For each item specified for review, prevalence estimates and 95% confidence interval (CI) were obtained. We also calculated mean and standard deviation (SD) for the total number of review items fulfilled. CIs were computed using normal approximation. All analyses were stratified in groups according to the impact factor of the journal in the year of publication (≤2, 2–4, >4), sample size (<500, 500–1500, ≥1500), design (cross-sectional, cohort, and case–control), data source (ad hoc, clinical/administrative records, both, or “mixed”), and type of MRM (logistic, linear, and Cox). Pearson χ2 and trend tests were used to assess the association between prevalence of the items of interest and the categorical secondary variables. Mann–Whitney U test was used to examine the relationship between prevalence of items, sample size, and the journal's impact factor. We computed the 2-sided criteria for all variables and 1-sided criteria for the impact factor level because the higher the impact factor, greater rigor is required in reporting the use of MRMs in the scientific literature. To assess and control for possible interactions, the analysis was again stratified by impact factor, sample size, design, and type of modeling. Significance level was set at α=0.05. All analysis was carried out using the SPSS statistical software, version 18.0. (PASW Statistics for Windows, Version 18.0. Chicago: SPSS Inc.).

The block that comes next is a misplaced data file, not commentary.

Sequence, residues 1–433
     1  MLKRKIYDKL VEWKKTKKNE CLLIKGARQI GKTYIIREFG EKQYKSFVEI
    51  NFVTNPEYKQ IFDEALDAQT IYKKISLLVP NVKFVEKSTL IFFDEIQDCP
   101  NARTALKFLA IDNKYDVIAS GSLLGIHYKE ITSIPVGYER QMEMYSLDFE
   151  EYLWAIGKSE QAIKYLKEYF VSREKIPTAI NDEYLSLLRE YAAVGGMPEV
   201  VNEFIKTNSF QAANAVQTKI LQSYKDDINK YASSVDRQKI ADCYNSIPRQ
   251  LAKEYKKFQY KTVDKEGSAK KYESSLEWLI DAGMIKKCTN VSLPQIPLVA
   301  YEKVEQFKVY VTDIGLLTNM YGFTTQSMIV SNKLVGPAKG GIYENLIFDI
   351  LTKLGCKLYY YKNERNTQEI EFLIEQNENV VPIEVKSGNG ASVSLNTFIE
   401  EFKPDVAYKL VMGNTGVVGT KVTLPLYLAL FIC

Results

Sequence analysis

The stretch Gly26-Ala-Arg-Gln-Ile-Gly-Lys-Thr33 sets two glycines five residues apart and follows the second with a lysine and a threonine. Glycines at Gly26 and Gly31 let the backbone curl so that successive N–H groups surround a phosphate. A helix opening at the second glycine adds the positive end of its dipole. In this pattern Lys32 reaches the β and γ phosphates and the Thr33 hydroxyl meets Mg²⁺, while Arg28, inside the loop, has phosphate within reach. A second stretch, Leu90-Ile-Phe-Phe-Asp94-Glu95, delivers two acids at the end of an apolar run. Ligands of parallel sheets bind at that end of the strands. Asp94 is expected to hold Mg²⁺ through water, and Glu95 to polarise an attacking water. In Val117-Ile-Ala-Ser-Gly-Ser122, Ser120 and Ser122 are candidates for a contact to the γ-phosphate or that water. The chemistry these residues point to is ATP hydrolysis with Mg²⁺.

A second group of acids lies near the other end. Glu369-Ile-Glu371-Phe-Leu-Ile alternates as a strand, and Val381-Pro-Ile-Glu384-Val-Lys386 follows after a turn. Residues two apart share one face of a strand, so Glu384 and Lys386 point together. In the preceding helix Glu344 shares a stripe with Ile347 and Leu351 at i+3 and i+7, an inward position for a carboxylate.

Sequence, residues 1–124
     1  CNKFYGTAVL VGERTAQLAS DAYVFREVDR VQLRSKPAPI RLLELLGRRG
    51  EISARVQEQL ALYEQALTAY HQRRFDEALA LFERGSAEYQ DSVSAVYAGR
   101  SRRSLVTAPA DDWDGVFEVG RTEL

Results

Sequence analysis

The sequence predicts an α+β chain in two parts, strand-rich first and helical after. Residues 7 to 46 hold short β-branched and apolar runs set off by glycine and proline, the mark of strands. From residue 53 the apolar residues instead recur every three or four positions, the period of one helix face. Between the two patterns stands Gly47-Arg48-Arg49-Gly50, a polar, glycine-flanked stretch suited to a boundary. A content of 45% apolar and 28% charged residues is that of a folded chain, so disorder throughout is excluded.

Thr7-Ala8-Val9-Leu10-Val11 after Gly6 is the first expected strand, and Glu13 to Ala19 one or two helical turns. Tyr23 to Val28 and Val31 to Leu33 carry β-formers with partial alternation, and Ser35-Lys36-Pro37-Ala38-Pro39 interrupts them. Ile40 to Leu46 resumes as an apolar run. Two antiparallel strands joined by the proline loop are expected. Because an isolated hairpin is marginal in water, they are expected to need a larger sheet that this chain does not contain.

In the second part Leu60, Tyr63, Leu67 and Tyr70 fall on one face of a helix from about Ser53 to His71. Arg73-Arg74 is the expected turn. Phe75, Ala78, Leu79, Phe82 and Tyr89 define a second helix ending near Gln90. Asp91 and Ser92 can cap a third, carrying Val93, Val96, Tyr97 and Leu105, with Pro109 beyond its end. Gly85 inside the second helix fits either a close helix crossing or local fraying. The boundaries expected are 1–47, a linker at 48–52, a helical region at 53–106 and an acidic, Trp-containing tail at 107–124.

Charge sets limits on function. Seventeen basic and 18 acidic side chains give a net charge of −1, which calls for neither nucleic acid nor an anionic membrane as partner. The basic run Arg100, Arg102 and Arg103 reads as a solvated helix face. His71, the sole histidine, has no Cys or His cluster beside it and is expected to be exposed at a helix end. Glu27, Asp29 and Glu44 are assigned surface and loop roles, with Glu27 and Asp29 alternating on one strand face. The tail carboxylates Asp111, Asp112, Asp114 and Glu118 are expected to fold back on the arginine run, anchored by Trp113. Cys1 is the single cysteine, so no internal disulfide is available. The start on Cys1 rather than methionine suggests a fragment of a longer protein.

Ethical statement: None required the approval of the Ethics Committee because the primary source was secondary data from published scientific articles.
Of 428 articles reviewed, published in 313 journals (mean of impact factor=3.38), 49.5% were cohort studies, with data primarily collected using questionnaires specifically designed to address the research objective (45.6%). The most frequently used type of modeling was logistic regression (67.5%), followed by Cox (22.9%) and linear (18%) regression. Nearly half (48.8%) of the articles reviewed were published during the last 3 years of our study period (2010–2013). Only 4% of the articles referenced any other publication that expanded on the methodology used in the study.
Table Table22 shows the overall percentage observed for each of the items reviewed, and in relation to all selected variables. The major item that was reported most often (33.4%; 95% CI: 28.9–37.8%) was “crude and adjusted effect” (item 4, Table Table2),2), followed by sensitivity analysis (32.7%; 95% CI: 28.3–37.1%). The least-reported item was interaction analysis (18.5%, 95% CI: 14.8%–22.1%). Testing the assumptions of the model and fitting more than 1 model were reported in 26.2% and 25.7% of the articles, respectively (items 1 and 5, Table Table22).